It has been a fun weekend. Between the escalation of Greek crisis and the surprise liquidity measures in China, it was as if the market never closed.
When considering market significance of a geopolitical event, it is important to distinguish between
- The actual economic effect
- The immediate impact on market players
In the case of the on-going Greek debt crisis and the potential so-called “Grexit”, remember that Greek economy commands only about 2% of the Eurozone GDP. Whether Greece muddles through or exits, the long-term economic impact should be moderate.
Two points that have been made by multiple people:
- Greece exit might create a blueprint for an exit by other countries on the periphery, such as Portugal or even Spain.
- Eurozone might be actually economically better off and the euro incrementally stronger without Greece.
What concerns me now though, is whether whatever happens in Greece may trigger a market panic or even a new crisis. There I encounter the “positioning” conundrum.
Paradoxically, it is easier to describe what would happen to the markets in the aftermath of a completely unanticipated and destructive event such as 9/11. We would expect a sharp equities sell-off, a flight to U.S. Treasuries and to defensive currencies such as dollar, swiss franc, and yen. The reason is that if market players are not positioned for this particular event, it is easy to guess what they would do.
But when an event was in the making for five years, the prediction is much harder. The “buy the rumor, sell the fact” paradigm comes into play. If we assume that most of speculative money was already positioned defensively with respect to Greece, any resolution may come as a relief.
But let’s go to the next level. If the speculators anticipate the post-resolution relief rally in Greek bonds and stocks, they may actually not be positoned defensively.
You know that I know that you know…
A parallel begs to be drawn with the Russian crisis of 1998. Russia didn’t default exactly overnight. But market players were anticipating either default or devaluation of ruble, not both. Caught by surprise, over-leveraged hedge funds folded like dominos, liquidating all positions, good or bad. Everything, from swap spreads to implied equity vol to municipal bonds went into a crisis mode.
So the question we have to ask ourselves is not just what exactly going to happen to Greece, but how is the “fast money” positioned.
Greek banks are not opening on Monday.
Stock market is likely not opening.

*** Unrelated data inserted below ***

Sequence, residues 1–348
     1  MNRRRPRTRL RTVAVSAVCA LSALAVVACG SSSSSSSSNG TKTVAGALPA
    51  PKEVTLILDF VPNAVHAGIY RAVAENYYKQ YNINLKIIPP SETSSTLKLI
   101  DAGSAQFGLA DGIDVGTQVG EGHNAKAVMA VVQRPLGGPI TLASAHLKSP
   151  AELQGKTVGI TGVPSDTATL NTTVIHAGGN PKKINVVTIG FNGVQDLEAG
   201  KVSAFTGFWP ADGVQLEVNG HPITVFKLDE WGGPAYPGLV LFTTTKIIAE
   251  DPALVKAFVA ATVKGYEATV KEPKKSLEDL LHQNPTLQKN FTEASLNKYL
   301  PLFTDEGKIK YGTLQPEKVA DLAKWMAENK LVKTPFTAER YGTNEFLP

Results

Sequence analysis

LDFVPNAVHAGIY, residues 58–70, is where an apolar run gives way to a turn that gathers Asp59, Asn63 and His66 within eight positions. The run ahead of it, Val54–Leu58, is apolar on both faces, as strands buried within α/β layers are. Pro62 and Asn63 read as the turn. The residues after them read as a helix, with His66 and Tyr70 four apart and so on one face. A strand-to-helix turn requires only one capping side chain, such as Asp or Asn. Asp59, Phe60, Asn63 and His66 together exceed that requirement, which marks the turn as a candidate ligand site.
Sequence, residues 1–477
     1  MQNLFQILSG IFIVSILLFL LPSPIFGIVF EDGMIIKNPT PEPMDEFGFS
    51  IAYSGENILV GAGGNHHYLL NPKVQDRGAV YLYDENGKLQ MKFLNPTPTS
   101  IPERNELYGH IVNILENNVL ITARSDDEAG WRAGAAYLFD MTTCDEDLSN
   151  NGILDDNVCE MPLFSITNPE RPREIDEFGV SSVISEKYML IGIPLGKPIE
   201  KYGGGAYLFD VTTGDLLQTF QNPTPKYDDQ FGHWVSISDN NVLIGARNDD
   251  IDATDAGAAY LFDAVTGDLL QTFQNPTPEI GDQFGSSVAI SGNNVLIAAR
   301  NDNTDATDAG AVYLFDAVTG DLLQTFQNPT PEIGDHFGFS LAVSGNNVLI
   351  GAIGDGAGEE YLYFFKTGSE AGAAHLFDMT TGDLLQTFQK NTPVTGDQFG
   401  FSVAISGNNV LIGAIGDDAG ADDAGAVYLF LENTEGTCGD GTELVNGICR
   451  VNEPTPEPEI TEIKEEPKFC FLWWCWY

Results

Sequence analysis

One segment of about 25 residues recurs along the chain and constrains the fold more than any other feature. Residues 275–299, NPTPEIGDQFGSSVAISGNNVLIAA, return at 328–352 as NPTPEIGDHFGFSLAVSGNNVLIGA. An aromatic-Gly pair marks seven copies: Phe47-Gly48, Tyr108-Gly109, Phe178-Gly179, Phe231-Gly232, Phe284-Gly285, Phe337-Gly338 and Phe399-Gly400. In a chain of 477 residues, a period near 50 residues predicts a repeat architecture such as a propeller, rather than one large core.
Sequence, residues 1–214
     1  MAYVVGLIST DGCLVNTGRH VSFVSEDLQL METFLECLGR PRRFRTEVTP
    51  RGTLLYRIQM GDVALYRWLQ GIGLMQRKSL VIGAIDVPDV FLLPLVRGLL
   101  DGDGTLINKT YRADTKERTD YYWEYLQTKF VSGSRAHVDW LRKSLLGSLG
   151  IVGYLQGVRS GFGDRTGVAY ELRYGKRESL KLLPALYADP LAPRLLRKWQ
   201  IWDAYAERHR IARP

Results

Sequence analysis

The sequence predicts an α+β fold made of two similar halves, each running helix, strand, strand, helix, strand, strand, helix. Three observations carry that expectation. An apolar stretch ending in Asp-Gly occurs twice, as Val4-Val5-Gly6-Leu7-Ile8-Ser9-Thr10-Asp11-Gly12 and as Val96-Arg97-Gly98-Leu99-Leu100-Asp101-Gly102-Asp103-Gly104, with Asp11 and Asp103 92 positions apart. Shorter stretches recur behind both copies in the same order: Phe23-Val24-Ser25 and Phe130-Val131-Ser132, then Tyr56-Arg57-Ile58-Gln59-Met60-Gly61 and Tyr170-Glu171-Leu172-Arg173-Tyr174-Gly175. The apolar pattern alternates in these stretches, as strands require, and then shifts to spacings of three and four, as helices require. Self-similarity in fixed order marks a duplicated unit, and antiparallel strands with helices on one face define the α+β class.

Virtually nothing should surprise us on Monday morning. Not a huge market commotion, not a relief rally, and not even business as usual.
Generally I am a fan of the concept that “crisis doesn’t happen on schedule”. We have learned it after the Y2K. And we knew in advance, about all the deadline for Greece and the dates for Brussels summit.
As I write this on sunday afternoon in California, the euro is down moderately (1.5-2%) and US Bonds are rallying quite a bit. My usual intuition would be not to get overexcited and stay with my core positions without adding anything. Which happen to short euro and long bonds as all my readers know.
If anything my bias would have been to expect for things to calm down and pull back to normal on Monday.
However, for me China is the enormous extra variable in this equation. I have tweeted earlier that extraordinary measures taken by the PBOC over this weekend indicate to me that might more problems there than it looks from the outside. Indeed, the correction in the stock indices like SHCOMP which are still tremendously up on the year is hardly a disaster by itself. But the aggressive central bank’s response may instill further doubt rather than inspire confidence.
But beware of contagion! Risk aversion in Europe may spill into Asia and converse. And when it comes to positioning in China – I have a feeling – the majority market players expect the government to be able to back-stop any crisis.
This type of confidence has been a path to disaster over and over again in the course of history.
My readers know me as a general global growth and economy bull. I don’t cry “crisis” often. But the confluence of events over last few days is making me view risks as highly elevated.